Big Country Little Car Tour, Day 9: Dakota Dunes, SD to Lewis & Clark Lake, NE
It dawned hot, still humid, and I was up by then. I'd slept like shit — no dreams, but waking up every hour, forgetting where I was and why I had come there. I spent most of the morning at the computer, not really working so much as avoiding going back out into it. At elevenish, I sighed, "Can't live here," and packed it up.
I didn't have a long drive ahead, about an hour and a half, according to Noecker, who texted detailed directions, and I mean detailed: four texts. People assume they can neighborhood-play it with "turn at the big tree" or "a ways past" and I'll just figure it out. Not so. Marines stationed every fifty yards with flares is still no guarantee. Noecker, however, spent so long painting my wayward house that he practically had his mail delivered there, and he knows how I get about knowing exactly everything that's going to happen: "And then what? And it just goes in the cracks? And how long does that take? What does it do? Draw it for me. Okay, then what? And then it dries? Do I leave the fan on? 'Sunday' the whole weekend or 'Monday morning' the whole weekend? What if it's too blue, do I call you, or…? But and so then what, do we paint over it? Oh, you're…leaving? Can you just tell me the ending first? The not-too-blue ending? …Okay. Okay, bye." Come to think of it, why did he even admit that he was in Nebraska, much less tell me how to get there? Did he lure me there to kill me finally? Fair enough, then.
Hell of a way to go. The hills got bigger and the turns got tighter and I remembered Missouri 51 on Easter Sunday of 2010, its perfect anonymous vistas that the camera would never get right, the slopes nearby and far away at once, the handsome weeds elbow-high.
Oh, boy: the driveway. Gravel shoals and rutted grass. If it rained, we'd have to live there 'til first frost. We huffed up out of the canopy and onto the top of a hill, into a field of daisies that ran away down into treetops, with a clear view of the lake, and the houses on the other side, and my house in Brooklyn, and France. A royal-blue dragonfly with Chanel cross-hatching patrolled the house. The local cicadas made friends with Campbell. Noecker emerged, and I supposed aloud that this, probably the most beautiful place I had ever seen for myself, including Lucca, would almost do.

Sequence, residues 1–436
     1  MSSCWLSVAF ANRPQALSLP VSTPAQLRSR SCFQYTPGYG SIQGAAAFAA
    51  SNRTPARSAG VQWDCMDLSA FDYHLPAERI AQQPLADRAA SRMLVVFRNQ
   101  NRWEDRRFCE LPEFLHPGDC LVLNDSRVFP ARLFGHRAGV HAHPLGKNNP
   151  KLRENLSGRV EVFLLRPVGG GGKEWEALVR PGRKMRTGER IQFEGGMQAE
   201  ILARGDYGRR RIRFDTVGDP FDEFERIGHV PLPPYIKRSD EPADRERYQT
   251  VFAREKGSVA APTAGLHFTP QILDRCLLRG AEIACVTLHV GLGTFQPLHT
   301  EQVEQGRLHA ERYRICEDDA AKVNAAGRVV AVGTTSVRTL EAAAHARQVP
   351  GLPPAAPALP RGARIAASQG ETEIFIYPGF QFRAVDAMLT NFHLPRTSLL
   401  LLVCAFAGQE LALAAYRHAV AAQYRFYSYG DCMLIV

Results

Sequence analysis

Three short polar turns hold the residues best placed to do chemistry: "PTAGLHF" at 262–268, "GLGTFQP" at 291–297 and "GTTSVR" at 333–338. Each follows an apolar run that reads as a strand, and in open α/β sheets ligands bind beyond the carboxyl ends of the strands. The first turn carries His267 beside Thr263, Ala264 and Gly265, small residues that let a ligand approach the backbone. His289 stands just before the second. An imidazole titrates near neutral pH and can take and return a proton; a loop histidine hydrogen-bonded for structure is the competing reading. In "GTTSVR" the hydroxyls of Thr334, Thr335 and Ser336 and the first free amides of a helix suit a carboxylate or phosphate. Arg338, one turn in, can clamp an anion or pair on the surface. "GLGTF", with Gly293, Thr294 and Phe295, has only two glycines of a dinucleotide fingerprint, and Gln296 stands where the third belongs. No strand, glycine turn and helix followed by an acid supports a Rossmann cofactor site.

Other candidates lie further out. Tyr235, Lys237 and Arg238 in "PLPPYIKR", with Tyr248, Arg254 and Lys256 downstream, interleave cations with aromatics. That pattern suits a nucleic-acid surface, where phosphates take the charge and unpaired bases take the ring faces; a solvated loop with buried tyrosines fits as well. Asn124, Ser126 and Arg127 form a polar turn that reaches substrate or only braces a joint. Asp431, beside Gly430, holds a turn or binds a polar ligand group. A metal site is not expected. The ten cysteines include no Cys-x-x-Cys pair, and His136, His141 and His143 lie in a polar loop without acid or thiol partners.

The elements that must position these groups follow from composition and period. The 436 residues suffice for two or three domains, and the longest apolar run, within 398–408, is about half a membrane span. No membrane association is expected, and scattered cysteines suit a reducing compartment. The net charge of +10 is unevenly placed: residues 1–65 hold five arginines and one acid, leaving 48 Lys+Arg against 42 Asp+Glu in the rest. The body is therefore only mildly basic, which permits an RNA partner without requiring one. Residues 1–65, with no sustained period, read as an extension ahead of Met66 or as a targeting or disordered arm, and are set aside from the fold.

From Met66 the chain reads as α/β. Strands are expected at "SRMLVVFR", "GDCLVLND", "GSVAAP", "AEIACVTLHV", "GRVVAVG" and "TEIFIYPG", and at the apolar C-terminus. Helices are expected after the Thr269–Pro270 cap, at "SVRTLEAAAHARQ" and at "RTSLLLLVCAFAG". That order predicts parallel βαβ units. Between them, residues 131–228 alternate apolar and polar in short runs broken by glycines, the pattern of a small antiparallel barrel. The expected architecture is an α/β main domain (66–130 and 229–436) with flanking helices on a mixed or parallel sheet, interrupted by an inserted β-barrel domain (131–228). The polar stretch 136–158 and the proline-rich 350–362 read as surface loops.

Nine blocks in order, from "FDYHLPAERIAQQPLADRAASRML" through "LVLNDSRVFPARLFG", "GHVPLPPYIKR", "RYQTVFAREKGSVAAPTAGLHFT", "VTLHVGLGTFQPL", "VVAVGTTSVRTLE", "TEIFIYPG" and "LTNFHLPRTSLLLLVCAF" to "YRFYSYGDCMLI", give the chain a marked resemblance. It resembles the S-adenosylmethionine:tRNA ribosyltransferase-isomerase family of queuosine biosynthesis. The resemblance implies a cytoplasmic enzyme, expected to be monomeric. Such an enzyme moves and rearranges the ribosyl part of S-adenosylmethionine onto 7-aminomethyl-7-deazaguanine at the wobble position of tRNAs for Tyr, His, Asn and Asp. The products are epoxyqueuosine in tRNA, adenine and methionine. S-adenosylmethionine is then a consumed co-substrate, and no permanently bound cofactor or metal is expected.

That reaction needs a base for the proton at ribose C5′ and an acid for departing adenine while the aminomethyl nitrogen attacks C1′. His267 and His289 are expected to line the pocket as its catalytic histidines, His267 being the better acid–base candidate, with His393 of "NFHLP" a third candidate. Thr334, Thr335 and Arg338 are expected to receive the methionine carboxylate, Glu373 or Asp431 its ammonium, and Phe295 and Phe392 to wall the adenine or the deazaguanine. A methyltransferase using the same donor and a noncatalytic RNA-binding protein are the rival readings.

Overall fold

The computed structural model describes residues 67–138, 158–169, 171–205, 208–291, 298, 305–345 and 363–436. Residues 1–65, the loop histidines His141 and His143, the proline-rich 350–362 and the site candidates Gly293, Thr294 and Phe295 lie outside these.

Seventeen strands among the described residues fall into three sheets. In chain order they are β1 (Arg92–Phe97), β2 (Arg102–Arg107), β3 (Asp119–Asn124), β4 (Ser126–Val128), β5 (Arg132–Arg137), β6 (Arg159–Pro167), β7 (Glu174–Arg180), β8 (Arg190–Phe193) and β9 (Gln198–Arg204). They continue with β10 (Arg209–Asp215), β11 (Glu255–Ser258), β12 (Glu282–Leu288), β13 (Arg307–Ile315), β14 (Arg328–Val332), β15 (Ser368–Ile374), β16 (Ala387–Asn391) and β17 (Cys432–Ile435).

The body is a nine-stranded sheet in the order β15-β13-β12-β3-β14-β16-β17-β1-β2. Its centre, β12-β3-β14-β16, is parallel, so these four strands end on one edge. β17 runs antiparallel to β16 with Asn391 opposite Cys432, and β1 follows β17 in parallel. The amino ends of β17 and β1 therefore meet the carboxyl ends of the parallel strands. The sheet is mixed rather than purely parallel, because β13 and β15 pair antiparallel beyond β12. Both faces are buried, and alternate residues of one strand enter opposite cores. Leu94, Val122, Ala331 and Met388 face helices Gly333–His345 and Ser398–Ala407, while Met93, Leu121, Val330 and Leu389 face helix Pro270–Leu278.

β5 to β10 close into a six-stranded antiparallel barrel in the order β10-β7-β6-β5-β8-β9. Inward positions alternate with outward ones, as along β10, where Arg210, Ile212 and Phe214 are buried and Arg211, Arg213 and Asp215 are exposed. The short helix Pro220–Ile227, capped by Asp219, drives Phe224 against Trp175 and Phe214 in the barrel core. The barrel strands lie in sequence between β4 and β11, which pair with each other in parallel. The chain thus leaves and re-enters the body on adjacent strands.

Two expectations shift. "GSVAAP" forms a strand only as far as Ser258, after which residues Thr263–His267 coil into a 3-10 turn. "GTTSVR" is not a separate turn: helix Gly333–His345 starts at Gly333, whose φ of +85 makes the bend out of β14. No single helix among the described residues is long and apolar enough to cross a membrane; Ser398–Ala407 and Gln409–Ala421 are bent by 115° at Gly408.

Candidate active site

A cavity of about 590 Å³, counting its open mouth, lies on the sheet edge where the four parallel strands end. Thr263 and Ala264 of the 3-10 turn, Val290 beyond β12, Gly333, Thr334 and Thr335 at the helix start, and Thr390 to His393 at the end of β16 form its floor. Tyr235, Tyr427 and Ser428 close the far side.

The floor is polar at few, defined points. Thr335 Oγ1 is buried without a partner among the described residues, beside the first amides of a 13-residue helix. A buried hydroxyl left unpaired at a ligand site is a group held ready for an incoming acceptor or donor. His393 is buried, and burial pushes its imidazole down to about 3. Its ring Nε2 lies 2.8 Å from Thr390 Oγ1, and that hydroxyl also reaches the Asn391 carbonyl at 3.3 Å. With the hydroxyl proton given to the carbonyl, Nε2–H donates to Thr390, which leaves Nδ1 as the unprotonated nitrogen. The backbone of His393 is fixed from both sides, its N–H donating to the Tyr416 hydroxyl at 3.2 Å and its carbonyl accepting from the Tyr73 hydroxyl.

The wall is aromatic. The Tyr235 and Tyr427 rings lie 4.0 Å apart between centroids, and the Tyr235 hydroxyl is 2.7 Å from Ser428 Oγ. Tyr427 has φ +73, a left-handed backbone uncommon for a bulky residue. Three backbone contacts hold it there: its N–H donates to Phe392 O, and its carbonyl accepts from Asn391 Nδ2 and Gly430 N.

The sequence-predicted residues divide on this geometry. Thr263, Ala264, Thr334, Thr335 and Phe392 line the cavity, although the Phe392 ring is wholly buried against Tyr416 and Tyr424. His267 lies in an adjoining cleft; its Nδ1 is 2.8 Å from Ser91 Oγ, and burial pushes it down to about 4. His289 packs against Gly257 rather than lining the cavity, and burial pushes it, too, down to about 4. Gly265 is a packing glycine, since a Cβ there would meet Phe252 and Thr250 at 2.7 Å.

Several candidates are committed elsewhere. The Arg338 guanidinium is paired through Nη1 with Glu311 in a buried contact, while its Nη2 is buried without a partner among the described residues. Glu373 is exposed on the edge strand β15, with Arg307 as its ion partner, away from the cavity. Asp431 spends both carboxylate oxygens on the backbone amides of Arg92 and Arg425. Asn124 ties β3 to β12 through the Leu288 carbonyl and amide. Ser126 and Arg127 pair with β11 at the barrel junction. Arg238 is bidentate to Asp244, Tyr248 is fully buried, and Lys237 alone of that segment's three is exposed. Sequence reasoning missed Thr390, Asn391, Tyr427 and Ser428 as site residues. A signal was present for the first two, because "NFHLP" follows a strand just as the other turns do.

It's hard to describe the place. Over the table where we ate hung an aged print of Custer's Last Stand, with a Marilyn postcard tucked into the bottom edge of the frame. That gets near it. That I had arrived, that the place was not the place before the next place, the inoffensive hotel anyplace, but was the place — that gets closer. Looking at Marilyn putting her lipstick on, unconcerned by the massacre inches from her marcel wave, I decided to stay and stop thinking, doing tic-y arithmetic, miles per gallon, miles per day, miles to Fort Dodge, Cheyenne, the sea. I brought in my bags.
I wrote a Revolting Snacks entry while the quintessential All Things Considered guest — says "absolutely" a lot, thinks the left-hand turn is destroying America — made sleepy noises on the radio. Sladek marched through a third draft in a back bedroom. We ate lunch at 4 PM, Spanish-style, and drank beer. Friends came by. Coffee the blessed consistency of syrup came by — Lord, deliver me from pitiable road coffee. I hadn't had a decent cup since M. Giant and Trash's house. You don't realize road coffee is so shite at first; you just drink it, and drink more of it, and use your fourth cup before 10 AM to prop your right eyelid open, and wonder what drew together in the shadows this conspiracy against daytime alertness.
We climbed a hill and watched the sun take its leave. Back east, it creeps down, makes sure you get a good look. Up there, unimpeded, it dropped. I had never seen that before. I had seen restaurant taxidermy before, but not with "girl, please" expressions. I had never said the phrase "macaroni salad" that many times in one evening before, or suggested it as a pseudonym, and a night cream, and a weapon. I had never heard of the Santee/Sioux curse on white businesses that doomed a ski lift.
"How come those clouds aren't moving?" I had never seen the Milky Way before.
We sat in the stars until late. I went to bed and slept without so much as turning over.
Tags: Big Country Little Car Tour Campbell friends good coffee shut up renovations